Computational Methods for Literary-Historical Textual Studies, 3-5 July 2018
The Centre for Textual Studies at De Montfort University in Leicester, England, is running a three-day international conference to showcase and explore the latest methods for analyzing literary and historical texts using computers. A particular focus will be the ways in which literary and historical scholarship will turn increasingly algorithmic in the future as we invent wholly new kinds of questions to ask of our texts because we have wholly new ways to investigate them. The conference will bring together, and put into fruitful dialogue, scholars using traditional literary and historical methods and those exploring and inventing new computational methods, to their mutual benefit.
Proposals are invited for 20-minute papers on our topic, which might cover such matters as:
* More markup or smarter algorithms?: The future of text analysis.
* Is anything just not computable in literary-historical textual studies, and does it matter?
* Where are we with Optical Character Recognition?
* Are texts Orderly Hierarchies of Content Objects, really?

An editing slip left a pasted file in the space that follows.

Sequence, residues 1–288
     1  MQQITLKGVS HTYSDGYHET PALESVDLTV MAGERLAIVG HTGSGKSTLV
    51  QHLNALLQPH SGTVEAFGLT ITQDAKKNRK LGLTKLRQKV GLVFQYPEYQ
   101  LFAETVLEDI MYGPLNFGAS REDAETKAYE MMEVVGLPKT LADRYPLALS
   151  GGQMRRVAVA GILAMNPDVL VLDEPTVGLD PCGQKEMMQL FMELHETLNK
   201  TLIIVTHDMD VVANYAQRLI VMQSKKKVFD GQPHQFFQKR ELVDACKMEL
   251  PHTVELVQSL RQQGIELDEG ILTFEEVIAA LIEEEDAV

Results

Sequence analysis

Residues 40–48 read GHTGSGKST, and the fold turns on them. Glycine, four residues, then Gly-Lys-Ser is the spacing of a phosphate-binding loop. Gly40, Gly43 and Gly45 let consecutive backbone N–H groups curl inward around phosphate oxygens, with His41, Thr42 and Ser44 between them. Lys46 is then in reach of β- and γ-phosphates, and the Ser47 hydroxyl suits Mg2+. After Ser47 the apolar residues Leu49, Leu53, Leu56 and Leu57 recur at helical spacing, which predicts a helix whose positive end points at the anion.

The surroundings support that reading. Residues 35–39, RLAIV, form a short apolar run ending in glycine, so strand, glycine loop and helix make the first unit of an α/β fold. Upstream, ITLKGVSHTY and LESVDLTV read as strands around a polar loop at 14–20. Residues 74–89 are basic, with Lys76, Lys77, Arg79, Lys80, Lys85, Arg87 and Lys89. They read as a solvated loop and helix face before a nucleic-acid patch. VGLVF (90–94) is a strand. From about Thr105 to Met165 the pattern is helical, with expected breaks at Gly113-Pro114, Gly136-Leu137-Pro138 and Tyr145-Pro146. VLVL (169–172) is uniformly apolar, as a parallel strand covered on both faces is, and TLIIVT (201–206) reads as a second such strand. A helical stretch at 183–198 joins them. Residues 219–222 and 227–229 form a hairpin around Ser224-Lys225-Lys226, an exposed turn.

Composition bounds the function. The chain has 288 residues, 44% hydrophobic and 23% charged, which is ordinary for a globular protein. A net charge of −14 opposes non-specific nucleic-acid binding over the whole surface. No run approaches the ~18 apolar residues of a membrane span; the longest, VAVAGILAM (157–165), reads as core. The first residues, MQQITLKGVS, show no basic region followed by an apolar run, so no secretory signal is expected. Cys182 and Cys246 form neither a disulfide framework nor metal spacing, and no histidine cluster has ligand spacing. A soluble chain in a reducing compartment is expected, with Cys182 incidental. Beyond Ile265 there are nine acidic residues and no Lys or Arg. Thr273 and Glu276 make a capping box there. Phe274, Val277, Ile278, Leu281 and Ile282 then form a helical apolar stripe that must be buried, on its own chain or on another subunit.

* Can (should?) one person try to learn traditional and digital methods of textual scholarship?
* XML but not TEI: Using roll-your-own schemas
* New developments in Natural Language Processing
* Regularizing historical spelling variation: Is it necessary? How can we do it?
* Getting started with digital textual analysis: Reports from unwearied beginners
* Is it too easy to get results with computers and too hard to avoid big errors?
* Teaching textual analysis using computers
* Does it matter if non-computational colleagues don't understand our work?
* Showcasing new technologies
* Is digital practice changing textual theories?
* When is a source text digital transcription good enough?
* Teamwork versus lone scholarship: Does working digitally make a difference?
* Where does textual analysis meet digital editing?
The conference is generously funded by the UK's Arts and Humanities Research Council, which includes the provision of eight student bursaries, worth 200 GBP each, to help cover the costs of attending to give a paper. Students wanting to apply for bursaries should indicate so in the paper proposal.
To apply to give a paper, please send the title of the paper and a description (200-300 words) to Prof Gabriel Egan <email@example.com>. If you are a student applying for one of the bursaries, please say so in your proposal and add a couple of sentences describing your circumstances in a way that makes us want to give you the bursary.